My fellow libertarian and fellow NORML member Tristan Tucker gave this speech at a liberty-oriented event about a month ago. Tristan is a U.S. Navy veteran, BTW.
It's the best speech I've heard for marijuana legalization.
It won't work if we just de-criminalize it.
It won't work if the government artifically limits who can and can't grow and sell it.
We can only end the monopolies of the Afghan and Mexican Drug Lords if we legalize marijuana.
My name is Tristan Tucker. I’d like to start with this by a brief quote to segue into why I am here. Rand Paul recently filibustered the US Senate to address our crucial liberties. He started his historic filibuster by saying “ I will speak until I can no longer speak. I will speak as long as it takes, until the alarm is sounded from coast to coast that our Constitution is important, and that your rights are precious…” I am here today to represent the students. I am here to represent the veterans of our latest immoral and illegal wars. I am here to represent the people and our right to choose what we do with our bodies.
I see marijuana criminality as a human rights issue. I do not believe that our continued support for incarcerating disproportionate numbers of our minority youth in a vain attempt to arrest our way out of our drug problem is an adequate solution. I do not believe that continuing to fund Mexican drug cartels via drug prohibition is a humanitarian approach to one of the West’s most deadly international incidents. Myself, NORML, and most of you would agree that a legal, taxed and regulated marijuana industry is the sole solution to ending epidemic in our nation. We must make strides toward addressing our drug prohibition problem as human rights infractions and health issues in order to actually progress in this nation. I am here to talk not only about the necessity for drug policy reform as it pertains to cannabis use but also drug prohibition as a whole.
Drug prohibition is by-and-large a modern set of Jim Crow laws. According to LEAP, Law Enforcement Against Prohibition, 70% of the drugs used in the United States are consumed by whites whereas 70% of the people incarcerated for drug use and possession are African Americans. The areas most ravaged by the drug war have been low-poverty areas – specifically where larger concentrations of African Americans tend to live. According to the FBI, one in eleven blacks are currently serving prison sentences for drug related crimes. That is 9.2% of the total population of African Americans in our country.
Marijuana was originally made illegal in the 1930s and the racism involved with the legality of the plant has never ceased. The plant was made illegal, in part from Harry Anslinger and the government’s affiliation with the movie production, Reefer Madness, which blatantly said that smoking “the devil’s lettuce” caused “negroes” to fornicate and rape white women. What are the results of being incarcerated with a felony? You lose your political voice and your right to vote and effect legislation is taken away, effectively silencing a large group of Americans. There are no lobby organizations for convicted felons to interact with the congress, the courts or the president, so essentially, once the right to vote is taken, your real right to speech has been stripped. As time progressed and civil liberties were afforded to African Americans in the late 1960s, the drug war was officially launched.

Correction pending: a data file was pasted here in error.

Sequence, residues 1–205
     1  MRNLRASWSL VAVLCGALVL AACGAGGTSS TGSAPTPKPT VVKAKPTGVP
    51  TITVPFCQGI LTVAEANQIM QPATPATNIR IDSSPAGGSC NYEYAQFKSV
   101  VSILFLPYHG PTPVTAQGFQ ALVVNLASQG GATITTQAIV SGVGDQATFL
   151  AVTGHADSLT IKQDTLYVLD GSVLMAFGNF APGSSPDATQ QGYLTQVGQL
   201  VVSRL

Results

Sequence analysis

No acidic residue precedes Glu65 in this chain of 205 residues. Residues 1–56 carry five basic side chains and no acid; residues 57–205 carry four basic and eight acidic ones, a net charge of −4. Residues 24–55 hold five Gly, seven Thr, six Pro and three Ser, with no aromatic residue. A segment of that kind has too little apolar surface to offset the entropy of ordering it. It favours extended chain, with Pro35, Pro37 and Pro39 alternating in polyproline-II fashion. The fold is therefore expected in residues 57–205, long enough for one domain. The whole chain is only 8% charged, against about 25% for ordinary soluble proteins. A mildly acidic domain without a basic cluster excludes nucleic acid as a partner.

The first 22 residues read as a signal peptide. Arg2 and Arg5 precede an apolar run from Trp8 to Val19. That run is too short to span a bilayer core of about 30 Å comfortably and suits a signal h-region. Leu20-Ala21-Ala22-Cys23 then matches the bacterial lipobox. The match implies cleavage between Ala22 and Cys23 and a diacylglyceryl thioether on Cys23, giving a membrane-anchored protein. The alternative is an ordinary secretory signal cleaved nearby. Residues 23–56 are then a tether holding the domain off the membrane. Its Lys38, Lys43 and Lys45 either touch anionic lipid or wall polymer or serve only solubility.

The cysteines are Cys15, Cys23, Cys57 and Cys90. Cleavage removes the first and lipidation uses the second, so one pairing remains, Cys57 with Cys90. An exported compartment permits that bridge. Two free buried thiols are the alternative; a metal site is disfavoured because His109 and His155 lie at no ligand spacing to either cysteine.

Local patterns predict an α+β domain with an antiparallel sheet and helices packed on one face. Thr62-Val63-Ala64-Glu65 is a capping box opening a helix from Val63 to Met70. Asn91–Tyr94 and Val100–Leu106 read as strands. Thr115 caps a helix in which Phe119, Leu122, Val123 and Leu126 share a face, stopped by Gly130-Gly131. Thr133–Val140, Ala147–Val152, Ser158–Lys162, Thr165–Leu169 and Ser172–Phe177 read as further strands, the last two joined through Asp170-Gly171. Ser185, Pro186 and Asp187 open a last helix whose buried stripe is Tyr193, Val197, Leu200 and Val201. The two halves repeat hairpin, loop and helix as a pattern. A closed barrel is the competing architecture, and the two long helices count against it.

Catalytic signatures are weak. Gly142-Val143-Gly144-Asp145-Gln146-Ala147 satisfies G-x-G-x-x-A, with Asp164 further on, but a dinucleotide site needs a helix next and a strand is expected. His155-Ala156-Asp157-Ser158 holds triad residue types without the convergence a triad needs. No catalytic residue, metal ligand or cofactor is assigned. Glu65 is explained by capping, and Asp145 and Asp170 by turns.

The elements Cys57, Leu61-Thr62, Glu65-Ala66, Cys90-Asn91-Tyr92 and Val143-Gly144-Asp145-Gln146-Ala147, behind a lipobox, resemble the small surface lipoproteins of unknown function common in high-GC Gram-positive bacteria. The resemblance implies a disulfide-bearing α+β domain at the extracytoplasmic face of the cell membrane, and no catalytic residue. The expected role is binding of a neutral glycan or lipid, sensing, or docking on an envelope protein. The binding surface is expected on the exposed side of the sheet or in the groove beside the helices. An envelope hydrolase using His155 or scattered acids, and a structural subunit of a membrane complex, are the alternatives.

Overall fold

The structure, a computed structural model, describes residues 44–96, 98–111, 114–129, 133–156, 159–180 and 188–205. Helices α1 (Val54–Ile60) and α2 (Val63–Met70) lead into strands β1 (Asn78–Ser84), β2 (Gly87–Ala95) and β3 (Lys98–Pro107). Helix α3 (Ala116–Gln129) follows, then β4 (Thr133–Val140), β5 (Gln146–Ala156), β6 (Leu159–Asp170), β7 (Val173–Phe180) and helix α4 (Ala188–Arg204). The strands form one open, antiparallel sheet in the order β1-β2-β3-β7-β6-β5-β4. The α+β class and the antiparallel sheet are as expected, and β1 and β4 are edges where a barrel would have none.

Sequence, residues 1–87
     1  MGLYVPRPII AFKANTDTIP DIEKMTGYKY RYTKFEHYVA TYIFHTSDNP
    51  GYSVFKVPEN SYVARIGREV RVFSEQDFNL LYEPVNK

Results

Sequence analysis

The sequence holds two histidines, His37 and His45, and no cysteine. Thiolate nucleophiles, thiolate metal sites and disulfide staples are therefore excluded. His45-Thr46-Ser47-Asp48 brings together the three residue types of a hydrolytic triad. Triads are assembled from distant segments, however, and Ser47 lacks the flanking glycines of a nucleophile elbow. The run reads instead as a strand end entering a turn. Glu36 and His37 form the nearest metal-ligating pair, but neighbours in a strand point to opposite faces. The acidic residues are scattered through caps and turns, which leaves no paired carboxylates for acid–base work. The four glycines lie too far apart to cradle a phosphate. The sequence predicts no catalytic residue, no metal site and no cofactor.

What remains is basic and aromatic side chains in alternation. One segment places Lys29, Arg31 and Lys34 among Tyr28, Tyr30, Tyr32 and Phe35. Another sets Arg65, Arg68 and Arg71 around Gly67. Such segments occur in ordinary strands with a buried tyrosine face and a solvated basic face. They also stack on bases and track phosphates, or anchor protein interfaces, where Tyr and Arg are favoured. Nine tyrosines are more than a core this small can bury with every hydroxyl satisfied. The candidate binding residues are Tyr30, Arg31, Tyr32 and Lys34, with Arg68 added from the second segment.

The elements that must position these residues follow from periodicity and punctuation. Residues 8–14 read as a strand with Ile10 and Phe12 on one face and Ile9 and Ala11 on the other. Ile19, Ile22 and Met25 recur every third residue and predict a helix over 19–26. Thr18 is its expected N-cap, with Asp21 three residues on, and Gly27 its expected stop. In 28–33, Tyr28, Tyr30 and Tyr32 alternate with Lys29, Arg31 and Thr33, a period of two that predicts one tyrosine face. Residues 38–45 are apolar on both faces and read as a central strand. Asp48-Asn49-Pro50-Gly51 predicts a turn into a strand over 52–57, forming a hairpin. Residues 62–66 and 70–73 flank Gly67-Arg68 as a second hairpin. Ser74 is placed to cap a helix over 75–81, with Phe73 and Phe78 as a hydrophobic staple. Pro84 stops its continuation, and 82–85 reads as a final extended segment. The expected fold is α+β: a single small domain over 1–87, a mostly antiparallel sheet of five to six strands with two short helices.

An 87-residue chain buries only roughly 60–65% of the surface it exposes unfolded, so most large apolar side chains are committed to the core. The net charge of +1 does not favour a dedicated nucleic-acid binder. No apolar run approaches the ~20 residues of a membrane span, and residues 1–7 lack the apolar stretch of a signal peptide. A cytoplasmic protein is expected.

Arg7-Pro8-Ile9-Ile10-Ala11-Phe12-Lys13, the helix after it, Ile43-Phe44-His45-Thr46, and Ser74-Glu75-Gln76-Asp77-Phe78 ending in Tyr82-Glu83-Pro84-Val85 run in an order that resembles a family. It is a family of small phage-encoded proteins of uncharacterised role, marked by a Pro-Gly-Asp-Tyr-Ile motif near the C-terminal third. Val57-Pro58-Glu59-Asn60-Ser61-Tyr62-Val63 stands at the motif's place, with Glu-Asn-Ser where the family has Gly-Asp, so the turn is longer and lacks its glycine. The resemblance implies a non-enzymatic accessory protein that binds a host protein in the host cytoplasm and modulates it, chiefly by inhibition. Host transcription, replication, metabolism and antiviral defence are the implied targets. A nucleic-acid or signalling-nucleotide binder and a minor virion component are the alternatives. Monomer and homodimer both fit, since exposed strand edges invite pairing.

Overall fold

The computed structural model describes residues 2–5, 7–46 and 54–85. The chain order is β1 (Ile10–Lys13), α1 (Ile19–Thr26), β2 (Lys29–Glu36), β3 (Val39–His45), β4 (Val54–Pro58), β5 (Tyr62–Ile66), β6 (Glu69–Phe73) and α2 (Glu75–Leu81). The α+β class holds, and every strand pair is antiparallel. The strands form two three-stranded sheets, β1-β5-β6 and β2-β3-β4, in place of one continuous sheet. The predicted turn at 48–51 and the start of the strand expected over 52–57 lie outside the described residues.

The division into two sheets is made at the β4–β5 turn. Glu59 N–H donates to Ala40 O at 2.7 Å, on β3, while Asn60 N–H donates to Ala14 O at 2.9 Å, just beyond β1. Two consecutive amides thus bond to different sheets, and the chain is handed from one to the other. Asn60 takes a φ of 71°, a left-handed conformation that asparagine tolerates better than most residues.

The most commonly used argument by bureaucrats, in favor of the war on drugs is that using drugs will destroy your lives. I ask you, which does more harm? Smoking marijuana or the legal repercussions for smoking marijuana? The side effects of cannabis are far and inclusive, including, but not limited to repairing brain cells damaged by alcohol consumption and helping to heal the alveoli in your lungs after years of abuse from cigarettes. The side effects to being prosecuted for drug crimes includes never being eligible for financial aid to attend college, losing your children to the court system, never being able to find gainful employment and even, in most cases, being barred from joining the military. I must ask you…which is more dangerous? The drug? Or the drug law?
Since 1972, our incarceration rates for drug possession have gone through the roof. Our incarceration rates were fairly low through the remainder of the 1970s but really caught fire under Ronald Reagan, partially in response to his and Nancy’s nationwide DARE program coupled with the president’s incessant public service announcements, in regard, particularly, to cannabis. Programs like DARE and various other government subsidized rehabilitation programs were actually proven years later, in the early 2000’s, to provide the “real” gateway to hard drug use and provided “patients of the rehabilitation centers and programs with a host of mental disorders including anxiety, PTSD and, in the worst cases, suicide.
After George H. W. Bush’s short tenure in the white house, Bill Clinton vowed to drastically scale back the federal government’s involvement and efforts at curtailing drug use and the international drug trade. Contrary to Clinton’s campaign promises, he racked up the largest number of drug-related incarcerations EVER .